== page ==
How to fix the Winter Olympics

In his article, “Games Saver,” in the Feb. 22 issue of ESPN The Magazine, Luke Cyphers recommends a few ways to rekindle interest in the Winter Olympic Games. I particularly like his first two suggestions:

Back in 1992, you could rely on certain big events hitting every four years. A leap year. A presidential election. And the Olympics, both Winter and Summer in one 12-month span. That made them a scarce commodity. But, acting on a plan hatched eight years earlier, the IOC monkeyed with the calendar in 1994, putting the Winter Games in “off” even-numbered years. What was intended to make them more visible did just the opposite. The Games need to get back on Olympic Standard Time, one year for all. It would solve one huge and growing problem — competition with the World Cup for ad dollars and attention.

Vancouver’s financial mess is a warning to future bidders: Stay away. Suckering new cities to create a billion-dollar playground is simply unsustainable. More sites means more sprawl, more CO2 and more global warming — counter-productive when you race on snow. As the Greeks did, the Olympic organizers need to pick a single stage they can dust off every four years, preferably a city that already has facilities in place. We vote for Innsbruck, site of Franz Klammer’s downhill, Dorothy Hamill’s haircut and an active spot for all major winter sports. At the very least, the IOC should rotate the Games among single hosts on each of the three continents that have held them before. In addition to Innsbruck, recycle Salt Lake, and Sapporo in Asia too.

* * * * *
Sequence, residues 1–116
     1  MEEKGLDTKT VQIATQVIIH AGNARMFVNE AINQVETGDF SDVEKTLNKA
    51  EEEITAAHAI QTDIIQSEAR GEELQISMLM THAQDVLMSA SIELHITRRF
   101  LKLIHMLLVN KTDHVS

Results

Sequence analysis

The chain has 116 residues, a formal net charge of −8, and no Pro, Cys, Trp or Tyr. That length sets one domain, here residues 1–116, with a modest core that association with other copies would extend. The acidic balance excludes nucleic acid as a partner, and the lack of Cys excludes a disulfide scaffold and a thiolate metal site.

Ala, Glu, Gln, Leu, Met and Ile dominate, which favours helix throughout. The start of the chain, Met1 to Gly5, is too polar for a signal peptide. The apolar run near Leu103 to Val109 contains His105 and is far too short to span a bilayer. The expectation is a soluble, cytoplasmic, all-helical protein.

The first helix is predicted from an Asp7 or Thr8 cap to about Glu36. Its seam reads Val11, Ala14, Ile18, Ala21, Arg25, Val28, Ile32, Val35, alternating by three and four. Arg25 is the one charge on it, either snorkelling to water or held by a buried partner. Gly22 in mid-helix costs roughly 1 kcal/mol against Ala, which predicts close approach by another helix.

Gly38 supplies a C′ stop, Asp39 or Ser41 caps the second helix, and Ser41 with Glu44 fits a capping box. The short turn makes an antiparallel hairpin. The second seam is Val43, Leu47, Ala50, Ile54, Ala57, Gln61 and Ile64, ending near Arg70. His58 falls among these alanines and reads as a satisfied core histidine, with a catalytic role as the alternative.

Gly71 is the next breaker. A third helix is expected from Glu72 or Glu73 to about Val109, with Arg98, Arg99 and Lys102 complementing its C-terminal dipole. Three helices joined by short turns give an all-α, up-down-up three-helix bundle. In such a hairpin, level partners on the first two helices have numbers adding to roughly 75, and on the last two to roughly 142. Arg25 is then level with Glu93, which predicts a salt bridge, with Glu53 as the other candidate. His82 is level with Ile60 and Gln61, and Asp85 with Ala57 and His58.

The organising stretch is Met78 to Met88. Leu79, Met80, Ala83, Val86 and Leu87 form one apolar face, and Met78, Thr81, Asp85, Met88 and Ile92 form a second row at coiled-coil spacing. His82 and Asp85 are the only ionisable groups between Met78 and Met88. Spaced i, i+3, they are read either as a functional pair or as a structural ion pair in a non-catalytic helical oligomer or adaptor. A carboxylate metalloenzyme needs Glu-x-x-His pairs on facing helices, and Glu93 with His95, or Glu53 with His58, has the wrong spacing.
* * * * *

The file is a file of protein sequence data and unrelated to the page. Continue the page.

Holding the Winter Olympics and Summer Olympics in the same calendar year would increase interest in the former since it would wet the palette of those looking forward to the Summer Games. Also, Cyphers point about the World Cup is a strong one. Soccer is only getting bigger.

I also like his idea about rotating the Games through three venues, one on each continent of Europe, Asia and North America. It’s pretty ridiculous that a city has to build all of these venues just to hold these Games for a few weeks. It’s a waste of resources, especially when there are very nice facilities available in other cities that have already hosted the event. They should do the same thing for the Summer Games — rotating amongst, say, Athens, Sydney and Los Angeles — for the same reasons.

Ratings for the Vancouver Games have been decent.

NBC is still exceeding its ratings guarantee to advertising of a 14.0 average prime-time household rating. Through Friday, it was averaging a 14.7 rating and 26.2 million viewers over the first eight nights of the Olympics.

According to Cyphers, Salt Lake had a 19.2 rating and Torino had a 12.2.

Photo from fOTOGLIF

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